Those moments, and then that one hour of rounds, when a night without sleep adds up to make every single statement by anyone so gratingly annoying that it’s all I can do to keep from screaming. After about one hour, the routine kicks in, and being still awake seems normal. For that hour, I try not to talk, and people just assume I’m tired. . . I guess I am, but I perceive it as frustration, not tiredness.

And after all, it’s not so bad. I met a lot of nice families, and even more nice children with hopelessly irresponsible parents. I got to cuddle with a neglected baby (neglected by its parents, not the nurses). I got to explore most of the possible variations on “right lower quadrant pain, not appendicitis.” (And also work on my ability to make diagnostic/therapeutic decisions regardless of my personal desire to do another appendectomy. Don’t worry, the senior levels did not want to do a case, and their judgment was better than mine.)

Q3 call makes the month go fast. The days run into each other. I only have to wake up and drive in to work once, and it makes two days go by.

Peds is good. The babies are cute. Actually, this is a problem on rounds, because I would rather play with the babies than pay attention to the details of calculating their feedings or TPN orders.

The anesthesia part is amazing. Anesthesia for these tiny babies is incredibly delicate. The ET tubes for the smallest babies are about the size of an adult venous introducer. . . And for the older children, the finesse with which the anesthesiologists talk them into staying calm during the trip back to the OR (admittedly, with the help of versed) is impressive. For adults, induction of anesthesia is usually performed with an iv agent – quick. For kids, though, they avoid putting in an iv until they already  have them asleep with an inhalational agent – which means they have to be bagged the whole time an iv is being found on their tiny hands or arms.

Not to mention the matter of waking up: In adults, you like to get some definite responses to commands before actually pulling the tube out. For kids, there’s no way they’re going to do anything coherent while still coming out of anesthesia, so the anesthesiologists have to just pick a moment when they think the child is awake enough, and doing some spontaneous respiration, to pull the tube out, and wait to see what happens. After all, they’re small, and easy to ventilate by hand if they need a few more minutes to wake up. (Some anesthesiologist will no doubt come by and explain that there’s a lot more detailed calculation involved. Either way, I’m impressed.)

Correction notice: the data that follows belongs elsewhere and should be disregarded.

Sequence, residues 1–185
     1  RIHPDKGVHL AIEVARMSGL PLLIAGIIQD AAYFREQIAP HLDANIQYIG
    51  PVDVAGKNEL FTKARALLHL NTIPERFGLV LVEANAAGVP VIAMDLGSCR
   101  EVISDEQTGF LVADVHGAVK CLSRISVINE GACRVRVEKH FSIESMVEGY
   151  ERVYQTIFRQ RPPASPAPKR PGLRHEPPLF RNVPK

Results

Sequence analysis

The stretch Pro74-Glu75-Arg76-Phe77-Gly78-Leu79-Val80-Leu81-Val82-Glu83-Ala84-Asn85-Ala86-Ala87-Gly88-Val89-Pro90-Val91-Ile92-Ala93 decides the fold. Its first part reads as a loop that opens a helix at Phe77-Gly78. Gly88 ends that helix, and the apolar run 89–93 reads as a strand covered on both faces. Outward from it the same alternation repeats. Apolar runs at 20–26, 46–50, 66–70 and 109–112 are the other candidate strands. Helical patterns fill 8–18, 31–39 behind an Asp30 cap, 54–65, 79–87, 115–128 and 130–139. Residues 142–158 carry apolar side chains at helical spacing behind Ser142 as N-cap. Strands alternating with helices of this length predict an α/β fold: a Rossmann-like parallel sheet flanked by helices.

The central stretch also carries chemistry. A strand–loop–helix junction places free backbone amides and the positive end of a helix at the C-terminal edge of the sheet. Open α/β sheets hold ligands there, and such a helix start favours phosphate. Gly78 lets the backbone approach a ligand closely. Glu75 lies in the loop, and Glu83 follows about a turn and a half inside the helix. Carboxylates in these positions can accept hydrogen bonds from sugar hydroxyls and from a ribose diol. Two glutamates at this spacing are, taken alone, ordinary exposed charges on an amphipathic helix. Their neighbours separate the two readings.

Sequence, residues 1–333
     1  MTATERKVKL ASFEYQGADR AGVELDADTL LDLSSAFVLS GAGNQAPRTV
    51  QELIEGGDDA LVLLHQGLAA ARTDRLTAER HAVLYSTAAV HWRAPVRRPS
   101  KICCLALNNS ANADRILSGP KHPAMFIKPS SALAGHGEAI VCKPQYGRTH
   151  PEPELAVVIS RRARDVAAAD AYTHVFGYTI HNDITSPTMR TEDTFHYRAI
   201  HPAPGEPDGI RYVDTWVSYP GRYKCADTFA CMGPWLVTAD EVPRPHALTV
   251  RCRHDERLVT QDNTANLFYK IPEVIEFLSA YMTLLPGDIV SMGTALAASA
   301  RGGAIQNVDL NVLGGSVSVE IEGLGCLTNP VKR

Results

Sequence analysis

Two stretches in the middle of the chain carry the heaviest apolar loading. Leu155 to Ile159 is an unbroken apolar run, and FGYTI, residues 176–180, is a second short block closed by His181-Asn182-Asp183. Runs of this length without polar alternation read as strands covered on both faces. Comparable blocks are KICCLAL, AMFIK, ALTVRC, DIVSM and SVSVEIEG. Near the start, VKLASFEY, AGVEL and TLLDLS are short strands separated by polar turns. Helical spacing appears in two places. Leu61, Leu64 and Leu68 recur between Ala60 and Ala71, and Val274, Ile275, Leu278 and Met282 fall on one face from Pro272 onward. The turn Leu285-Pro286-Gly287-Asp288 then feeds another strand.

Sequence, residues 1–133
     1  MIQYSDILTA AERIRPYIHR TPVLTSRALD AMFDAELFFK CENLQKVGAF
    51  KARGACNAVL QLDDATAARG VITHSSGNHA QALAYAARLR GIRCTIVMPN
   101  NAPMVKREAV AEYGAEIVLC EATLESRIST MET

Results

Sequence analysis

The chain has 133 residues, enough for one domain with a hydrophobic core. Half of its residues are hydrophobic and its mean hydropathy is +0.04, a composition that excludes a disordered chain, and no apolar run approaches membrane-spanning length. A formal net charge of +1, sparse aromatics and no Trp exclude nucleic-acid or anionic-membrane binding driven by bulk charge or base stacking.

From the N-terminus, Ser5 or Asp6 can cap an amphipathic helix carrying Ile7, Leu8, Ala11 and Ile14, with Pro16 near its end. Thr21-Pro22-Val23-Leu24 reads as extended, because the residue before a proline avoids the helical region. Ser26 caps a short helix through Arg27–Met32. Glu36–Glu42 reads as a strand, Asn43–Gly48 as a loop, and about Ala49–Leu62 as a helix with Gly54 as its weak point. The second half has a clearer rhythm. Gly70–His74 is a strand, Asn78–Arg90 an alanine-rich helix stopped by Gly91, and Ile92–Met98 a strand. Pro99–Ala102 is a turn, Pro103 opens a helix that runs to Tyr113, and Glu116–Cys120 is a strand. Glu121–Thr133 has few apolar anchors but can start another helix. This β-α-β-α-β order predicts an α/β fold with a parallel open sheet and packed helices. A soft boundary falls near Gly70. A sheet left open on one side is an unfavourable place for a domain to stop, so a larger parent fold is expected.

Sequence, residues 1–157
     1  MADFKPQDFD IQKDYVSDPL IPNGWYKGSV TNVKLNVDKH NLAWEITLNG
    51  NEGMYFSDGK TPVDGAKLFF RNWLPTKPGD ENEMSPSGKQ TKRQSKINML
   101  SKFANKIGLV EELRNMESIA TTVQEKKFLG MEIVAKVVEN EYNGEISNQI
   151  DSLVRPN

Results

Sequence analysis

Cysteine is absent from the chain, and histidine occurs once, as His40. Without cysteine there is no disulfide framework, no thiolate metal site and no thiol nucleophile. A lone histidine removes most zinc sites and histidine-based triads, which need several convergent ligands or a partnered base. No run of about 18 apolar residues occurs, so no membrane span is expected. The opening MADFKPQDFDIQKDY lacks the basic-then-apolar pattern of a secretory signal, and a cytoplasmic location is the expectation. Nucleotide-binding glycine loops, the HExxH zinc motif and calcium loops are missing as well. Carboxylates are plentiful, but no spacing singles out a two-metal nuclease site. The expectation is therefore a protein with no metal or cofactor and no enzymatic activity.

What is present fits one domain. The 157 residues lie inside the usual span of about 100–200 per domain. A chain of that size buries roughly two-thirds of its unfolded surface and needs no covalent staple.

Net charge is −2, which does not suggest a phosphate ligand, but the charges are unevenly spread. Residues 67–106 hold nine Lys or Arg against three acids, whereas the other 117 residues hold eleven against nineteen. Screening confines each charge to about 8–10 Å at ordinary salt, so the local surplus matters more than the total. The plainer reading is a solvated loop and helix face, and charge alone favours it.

The children’s hospital is not as bad as rumor painted it (although their computer system is strictly for the birds). There’s something to be said for having so many senior residents and fellows around that I am only responsible for floor patients – and I am by now very efficient at handling a large floor service.

It’s also fun to see entities which were previously the stuff of [textbook] legend showing up as large as life: gastroschisis, malrotation, intussusception, Meckel’s diverticulum – and lots of classic appendicitis. (Which is especially fun, because in pediatrics you try to avoid radiation as much as possible, so almost none of these kids get CT scans. Diagnosis and management are based on history and physical exam, with the occasional ultrasound. For a rarity, I got to book a patient for the OR simply on the basis of, “His abdomen is nearly rigid, and certainly requires urgent exploration.” No labs, no imagaing, just what my hands could tell me.)

For added fun, I stumbled across in the library (amazing how the books I like just pop up in front of me) an audio edition of Alison Weir’s Queen Isabella. Alison Weir is an English historian who writes detailed accounts of obscure medieval events, and manages to make them interesting. I first appreciated her for her defense of Richard III as innocent of the death of the Princes in the Tower (a private bias of my own; I always enjoy finding reputable evidence to support my romantic belief in Richard as hero). This book, while occupying 18 cds, and therefore valuable as promising to last for two months’s driving, seems a little biased. Admittedly, the story of Isabella (French princess, betrothed at 7, married at 12 to a homosexual 12 years older than her, she eventually ran away, took a lover, led an invasion of England, deposed (and allegedly murdered) her husband (Edward II), and ruled in her son’s name (Edward III) for years, till he came of age, killed her lover, and put her under house arrest till her death) lends itself to some feminist revision. However, the argument that we ought to regard Isabella in a better light, now that we can look back from the standpoint of modern sexual mores, seems a little weak. After all, Isabella did what she did in a society which certainly condemned adultery (especially by women, and regardless of excuses) and treason. The fact that 700 years later her behavior seems almost normal/rational/excusable doesn’t change the fact that it was wildly countercultural and dangerous at the time. Her choices were made in that setting, not under modern “enlightenment.” Nevertheless, I’m always up for a good story about international intrigue and the primal conflict between France and England (two nations that seem born to hate each other), and if Ms. Weir can stop mentioning male oppression in every other sentence (once a paragraph, perhaps?), this should be a fascinating book.